Join Date: Sep 2000
Location: Sidney, New York
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Subaru Master Cylinder Upgrade........
Just a couple of items that need clarification before I get into the nitty gritty…
*This upgrade is not my brainchild. This is Yankee Tim & Yankee Bob’s baby. They “discovered” it and made it work so the credit that is due is theirs. I am merely the beneficiary of their research, testing, and generosity. I’m only documenting what I did for others to see. That said, thank you to Yankee Tim & Yankee Bob……
*The specific year/model Subaru isn’t cast in stone as of yet. From what I’ve found so far on Napa’s site is that a 1998 Legacy with ABS appears to be an exact match to the one I’m using. I’m sure there are other models/years that will work as long as it has a 1 1/16” bore.
*If you have the original brake proportioning valve, you might want to consider replacing it. I've had used a few "good" used ones, but they eventualy leaked. After all, they are nearly 20 or more years old. I once did a "autopsy" on one and discovered that they can leak internally for quite some time with no external sign of the leak. I replaced mine with a new one just to be safe.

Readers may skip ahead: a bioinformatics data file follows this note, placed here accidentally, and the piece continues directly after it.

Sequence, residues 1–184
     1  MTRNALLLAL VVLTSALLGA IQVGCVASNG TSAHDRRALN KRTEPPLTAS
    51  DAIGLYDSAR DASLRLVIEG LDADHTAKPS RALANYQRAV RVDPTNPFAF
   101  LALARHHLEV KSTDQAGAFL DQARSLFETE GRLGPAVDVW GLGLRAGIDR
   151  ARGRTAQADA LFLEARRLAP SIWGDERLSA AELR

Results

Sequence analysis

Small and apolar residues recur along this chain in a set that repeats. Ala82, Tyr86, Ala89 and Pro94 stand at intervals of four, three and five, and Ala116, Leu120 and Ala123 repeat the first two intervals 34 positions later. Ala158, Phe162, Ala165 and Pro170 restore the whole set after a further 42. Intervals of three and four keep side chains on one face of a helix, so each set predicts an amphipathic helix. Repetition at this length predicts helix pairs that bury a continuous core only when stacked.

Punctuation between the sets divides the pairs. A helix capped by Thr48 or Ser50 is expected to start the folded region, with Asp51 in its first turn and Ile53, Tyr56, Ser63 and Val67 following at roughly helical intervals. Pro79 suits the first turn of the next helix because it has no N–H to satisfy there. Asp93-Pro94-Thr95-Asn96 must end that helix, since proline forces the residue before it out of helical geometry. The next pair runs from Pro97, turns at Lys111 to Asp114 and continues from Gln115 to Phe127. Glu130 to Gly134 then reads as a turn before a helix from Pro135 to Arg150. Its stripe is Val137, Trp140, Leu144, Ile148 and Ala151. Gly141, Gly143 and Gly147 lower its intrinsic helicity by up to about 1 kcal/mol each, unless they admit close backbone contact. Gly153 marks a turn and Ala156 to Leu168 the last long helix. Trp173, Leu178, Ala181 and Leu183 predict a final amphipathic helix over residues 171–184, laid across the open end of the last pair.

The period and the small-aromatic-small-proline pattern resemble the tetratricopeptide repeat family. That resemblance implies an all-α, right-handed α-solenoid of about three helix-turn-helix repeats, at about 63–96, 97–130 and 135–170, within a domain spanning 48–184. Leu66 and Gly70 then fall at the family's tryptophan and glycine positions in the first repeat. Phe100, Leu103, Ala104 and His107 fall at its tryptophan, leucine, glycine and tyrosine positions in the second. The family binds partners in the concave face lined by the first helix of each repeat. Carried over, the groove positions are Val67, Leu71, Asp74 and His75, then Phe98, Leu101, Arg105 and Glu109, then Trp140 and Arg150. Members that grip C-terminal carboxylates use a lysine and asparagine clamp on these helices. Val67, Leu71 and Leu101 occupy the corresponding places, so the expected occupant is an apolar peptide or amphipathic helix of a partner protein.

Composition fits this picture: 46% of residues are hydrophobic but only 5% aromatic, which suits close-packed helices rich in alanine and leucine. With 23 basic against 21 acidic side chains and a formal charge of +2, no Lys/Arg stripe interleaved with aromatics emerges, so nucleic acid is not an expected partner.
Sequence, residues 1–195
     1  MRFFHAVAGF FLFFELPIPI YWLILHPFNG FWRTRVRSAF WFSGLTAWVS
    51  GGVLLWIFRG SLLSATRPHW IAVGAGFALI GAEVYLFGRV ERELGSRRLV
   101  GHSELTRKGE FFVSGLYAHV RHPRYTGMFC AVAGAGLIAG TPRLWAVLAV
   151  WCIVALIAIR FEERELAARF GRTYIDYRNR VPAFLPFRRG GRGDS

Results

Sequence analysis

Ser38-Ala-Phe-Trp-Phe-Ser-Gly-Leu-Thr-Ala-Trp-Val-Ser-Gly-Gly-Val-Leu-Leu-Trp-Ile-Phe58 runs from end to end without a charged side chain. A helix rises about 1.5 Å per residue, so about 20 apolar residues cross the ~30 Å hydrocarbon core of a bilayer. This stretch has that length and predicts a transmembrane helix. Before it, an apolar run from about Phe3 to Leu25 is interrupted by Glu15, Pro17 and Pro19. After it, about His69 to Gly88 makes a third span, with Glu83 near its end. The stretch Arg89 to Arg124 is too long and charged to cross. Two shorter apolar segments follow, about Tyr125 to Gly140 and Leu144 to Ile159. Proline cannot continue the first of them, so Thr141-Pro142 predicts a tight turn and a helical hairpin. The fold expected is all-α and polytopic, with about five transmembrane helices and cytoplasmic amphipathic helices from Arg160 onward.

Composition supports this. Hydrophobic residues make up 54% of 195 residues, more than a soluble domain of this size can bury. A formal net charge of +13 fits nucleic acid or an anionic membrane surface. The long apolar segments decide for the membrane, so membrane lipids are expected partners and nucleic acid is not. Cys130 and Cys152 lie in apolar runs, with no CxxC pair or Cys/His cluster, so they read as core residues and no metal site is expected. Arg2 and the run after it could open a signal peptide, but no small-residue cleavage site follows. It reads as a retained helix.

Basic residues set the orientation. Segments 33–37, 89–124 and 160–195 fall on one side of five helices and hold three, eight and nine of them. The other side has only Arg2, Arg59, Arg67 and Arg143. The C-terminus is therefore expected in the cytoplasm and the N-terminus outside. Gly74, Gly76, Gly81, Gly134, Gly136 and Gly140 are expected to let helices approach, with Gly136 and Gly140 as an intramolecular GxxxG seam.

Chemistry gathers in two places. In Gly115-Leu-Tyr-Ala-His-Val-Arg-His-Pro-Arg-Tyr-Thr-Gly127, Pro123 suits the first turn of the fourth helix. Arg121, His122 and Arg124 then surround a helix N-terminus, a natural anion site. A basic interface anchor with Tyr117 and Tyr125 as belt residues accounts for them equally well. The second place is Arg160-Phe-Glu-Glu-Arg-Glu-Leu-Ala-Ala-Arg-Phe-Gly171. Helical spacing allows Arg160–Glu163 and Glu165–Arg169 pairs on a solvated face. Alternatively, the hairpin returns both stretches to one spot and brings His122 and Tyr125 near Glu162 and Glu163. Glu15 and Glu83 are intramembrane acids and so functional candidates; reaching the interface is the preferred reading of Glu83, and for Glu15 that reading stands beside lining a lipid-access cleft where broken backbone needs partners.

A couple of items you’ll need:
Subaru master cylinder (1 1/16” bore for ABS) as compared to Suzuki's 7/8" bore
Subaru master cylinder wire connector Master cylinder to booster gasket (or RTV silicone)
Small tube bender
6mm x 1.0 bolt, app. 50mm long (grade 8.8 or better)
Remove original master cylinder. Save gasket if possible (use old gasket as a template for a new one).
Reach into booster and remove the booster push rod.
Remove the “tip” of the pushrod.
Cut the head off the new 6mm bolt. Clean up threads by “chasing” with a die.
Round off one end with a grinder to make the new booster push rod tip. As an option, you can use a 6mm acorn nut, grind off the corners of the hex, then loctite it on.
The original push rod length was too short, so the new push rod will have to adjusted to the proper length. There needs to be zero tolerance between the tip and it’s mating surface inside the master cylinder. This will take a couple of minutes to adjust properly.
If the Subaru master cylinder doesn’t have an “O” ring on it, swap the Suzuki one onto it.
Once the pushrod is adjusted properly, Bolt up the master cylinder after you’ve bench bled it. Use the gasket you cut or RTV.
Using a tube bender, bend the brake lines to mate to the new master cylinder.
Splice in a connector (Subaru) to the Suzuki wires.
Bleed the brake system.
Enjoy the improvement in braking.
All Good Medicine,
Creator, everything we do leaves a track. May our tracks be ones we would want you to see and others to follow......